Remember how sneaking out of house for hanging out with friends at a local café seemed so cool to us 10 years back? It might interest you to know, that this ‘cool’ concept of cafes, and the idea unwinding at coffee shop is not modern at all. The Ottoman empire, had the Ottoman coffeehouses way back in the sixteenth century. These cafes served as a meeting point for many intellectuals, culture enthusiasts and friends, who spoke for hours with a copious number of coffee refills. Sounds intriguing right? Wait till you hear about the ‘Chief Coffee Officers’ of Medieval Istanbul who were appointed to ensure the quality of coffee that was being served to the public.  

As per legends, the Arabs were obsessed with coffee, in fact, one of the major species of coffee that was known at the time was ‘arabica’. Throughout the Muslim world, and beyond, the coffee plantations had begun in full force. In the book, ‘The Story Of Food: An Illustrated History Of Everything We Eat’ by DK Publishing House, it was somewhere around 1555, that Turkey was introduced to coffee by Ozdemir Pasha, the Ottoman Governor of Yemen, who happened to bring sack full of beans with him to Istanbul on his way back. The Turks are also credited for inventing a new way of brewing coffee, where the beans were roasted before being ground in the powder, post which they slowly brewed in hot water. This gave their coffee an inimitable smoky, strong flavour.  

Further in the book, it is also mentioned, that after the introduction of coffee in the Ottoman empire in the sixteenth century, it rapidly emerged as a piece de resistance at the court of Suleiman the Magnificent. Here the “post of Chief Coffee Officer was established as a sign of the drink’s importance”, the book noted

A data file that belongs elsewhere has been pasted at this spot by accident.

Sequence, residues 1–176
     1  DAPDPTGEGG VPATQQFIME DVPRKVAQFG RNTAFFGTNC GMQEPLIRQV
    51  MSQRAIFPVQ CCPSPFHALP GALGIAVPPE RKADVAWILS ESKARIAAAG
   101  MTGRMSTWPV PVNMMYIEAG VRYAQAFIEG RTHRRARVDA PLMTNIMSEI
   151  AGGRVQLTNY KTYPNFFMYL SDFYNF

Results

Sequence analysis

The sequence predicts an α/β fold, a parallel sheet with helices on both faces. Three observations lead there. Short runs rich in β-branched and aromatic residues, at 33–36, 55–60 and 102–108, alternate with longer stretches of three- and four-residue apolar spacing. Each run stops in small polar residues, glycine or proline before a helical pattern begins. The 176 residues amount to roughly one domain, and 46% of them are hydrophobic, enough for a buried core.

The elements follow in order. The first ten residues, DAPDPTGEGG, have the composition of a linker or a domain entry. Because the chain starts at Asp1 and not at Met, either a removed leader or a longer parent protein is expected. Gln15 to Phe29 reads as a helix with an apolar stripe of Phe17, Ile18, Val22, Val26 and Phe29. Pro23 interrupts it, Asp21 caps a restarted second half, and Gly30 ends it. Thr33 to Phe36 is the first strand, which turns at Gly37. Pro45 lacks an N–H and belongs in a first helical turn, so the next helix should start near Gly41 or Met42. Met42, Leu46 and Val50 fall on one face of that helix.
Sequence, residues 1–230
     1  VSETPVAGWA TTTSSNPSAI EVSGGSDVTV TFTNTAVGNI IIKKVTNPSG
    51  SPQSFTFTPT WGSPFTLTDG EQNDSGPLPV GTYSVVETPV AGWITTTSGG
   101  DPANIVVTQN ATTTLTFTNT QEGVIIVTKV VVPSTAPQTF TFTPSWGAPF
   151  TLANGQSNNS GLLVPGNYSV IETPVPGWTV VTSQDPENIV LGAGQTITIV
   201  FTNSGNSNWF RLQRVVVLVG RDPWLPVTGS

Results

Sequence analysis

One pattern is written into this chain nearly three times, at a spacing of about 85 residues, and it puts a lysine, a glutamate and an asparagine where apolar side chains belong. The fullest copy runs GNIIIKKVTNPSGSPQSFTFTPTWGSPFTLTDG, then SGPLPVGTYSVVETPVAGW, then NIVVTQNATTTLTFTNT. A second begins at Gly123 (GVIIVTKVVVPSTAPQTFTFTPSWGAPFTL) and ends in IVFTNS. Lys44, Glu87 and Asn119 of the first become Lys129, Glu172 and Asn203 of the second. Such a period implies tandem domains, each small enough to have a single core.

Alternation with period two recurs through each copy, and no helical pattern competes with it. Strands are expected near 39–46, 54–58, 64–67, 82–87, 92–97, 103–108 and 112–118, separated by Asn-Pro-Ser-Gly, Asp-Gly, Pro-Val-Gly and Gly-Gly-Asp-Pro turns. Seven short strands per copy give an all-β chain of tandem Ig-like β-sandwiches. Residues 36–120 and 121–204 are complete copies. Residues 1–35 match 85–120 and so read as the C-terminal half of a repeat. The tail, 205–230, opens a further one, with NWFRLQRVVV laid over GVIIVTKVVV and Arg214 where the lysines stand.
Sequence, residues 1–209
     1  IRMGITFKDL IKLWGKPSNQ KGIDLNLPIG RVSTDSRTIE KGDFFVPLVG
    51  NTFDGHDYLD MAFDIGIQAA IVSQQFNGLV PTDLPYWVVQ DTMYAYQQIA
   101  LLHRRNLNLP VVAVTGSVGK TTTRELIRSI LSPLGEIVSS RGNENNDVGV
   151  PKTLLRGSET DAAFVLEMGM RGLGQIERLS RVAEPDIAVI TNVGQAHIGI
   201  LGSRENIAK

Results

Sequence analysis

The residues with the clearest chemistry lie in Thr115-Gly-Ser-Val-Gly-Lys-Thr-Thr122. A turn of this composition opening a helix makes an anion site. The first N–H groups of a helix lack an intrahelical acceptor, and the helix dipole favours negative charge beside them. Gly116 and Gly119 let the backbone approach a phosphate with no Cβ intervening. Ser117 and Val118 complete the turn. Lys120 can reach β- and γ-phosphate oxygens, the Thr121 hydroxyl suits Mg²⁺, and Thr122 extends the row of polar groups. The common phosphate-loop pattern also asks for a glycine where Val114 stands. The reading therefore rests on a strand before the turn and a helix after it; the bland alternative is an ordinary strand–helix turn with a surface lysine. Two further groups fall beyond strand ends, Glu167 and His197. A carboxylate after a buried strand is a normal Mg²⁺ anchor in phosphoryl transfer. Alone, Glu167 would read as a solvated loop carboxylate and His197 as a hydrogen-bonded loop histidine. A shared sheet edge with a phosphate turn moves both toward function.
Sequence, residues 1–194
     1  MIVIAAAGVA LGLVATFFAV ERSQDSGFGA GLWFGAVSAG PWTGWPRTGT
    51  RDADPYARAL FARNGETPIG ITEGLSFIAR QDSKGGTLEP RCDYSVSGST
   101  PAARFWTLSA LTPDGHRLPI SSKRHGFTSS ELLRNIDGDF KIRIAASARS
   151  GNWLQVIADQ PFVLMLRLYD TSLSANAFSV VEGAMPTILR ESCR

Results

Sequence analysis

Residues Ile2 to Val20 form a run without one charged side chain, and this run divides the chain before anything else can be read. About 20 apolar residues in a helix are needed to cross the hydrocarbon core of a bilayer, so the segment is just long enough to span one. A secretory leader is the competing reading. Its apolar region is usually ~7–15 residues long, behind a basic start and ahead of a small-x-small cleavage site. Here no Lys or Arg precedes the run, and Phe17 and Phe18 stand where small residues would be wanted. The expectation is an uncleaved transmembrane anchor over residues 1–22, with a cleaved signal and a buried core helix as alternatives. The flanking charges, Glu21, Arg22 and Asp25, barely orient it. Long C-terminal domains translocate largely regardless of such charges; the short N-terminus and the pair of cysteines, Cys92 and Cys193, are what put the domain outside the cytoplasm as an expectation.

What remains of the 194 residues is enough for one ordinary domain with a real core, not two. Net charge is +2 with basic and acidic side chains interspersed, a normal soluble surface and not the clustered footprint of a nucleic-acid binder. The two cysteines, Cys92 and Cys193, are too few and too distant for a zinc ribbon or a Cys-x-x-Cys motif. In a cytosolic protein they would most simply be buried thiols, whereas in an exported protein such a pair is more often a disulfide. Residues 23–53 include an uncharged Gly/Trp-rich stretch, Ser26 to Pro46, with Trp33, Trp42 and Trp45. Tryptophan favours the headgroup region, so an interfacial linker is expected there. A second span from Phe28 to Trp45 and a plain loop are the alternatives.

The Ottoman Coffee House| What Were The Rules

The earliest variant of coffee houses is said to have originated in Arabia, from where it travelled to Egypt, then to Persia and finally the Ottoman empire during the 16th century. The first coffee house of the empire was set up in the reign of Suleiman the Magnificent in Tahtakale, Istanbul by two merchants from Damascus. Over the years, with coffee, these coffee houses also started serving some sweet beverages, candies and desserts. It took very little time for the idea of coffeehouses to boom. In no time, Istanbul was filled with coffeehouses, which became sites for personal interactions and cultural exchanges. It was a unique type of community hub, something that didn’t exist in Istanbul before. Prior to these coffeehouses, men would gather in mosques, or shops and or in houses for their ‘catch-up’ sessions.

These coffee shops were also revolutionary in a way, as men from all rungs of the society were welcome here. Women and children were barred from entering. They were principally Muslim gathering spots, but men of different religions would also come by occasionally, and much frequently later down the years. These coffeehouses opened up new avenues of socialising. Everything from politics to trade was discussed here. It even helped democratise education in a certain way, since all men could come in these coffee houses, they could attend a talk or sit next to any scholar or academician for a riveting chat about philosophy, religion, politics and science.  

It is also said that these coffeehouses were of much importance to local governments, who would often plat spies in these coffee houses to retrieve information on malefactors. More often than not, the coffeehouse owners would only be supplying information to government on 'suspicious' activities.

Fascinated much? Have you ever tried Turkish coffee? Do let us know.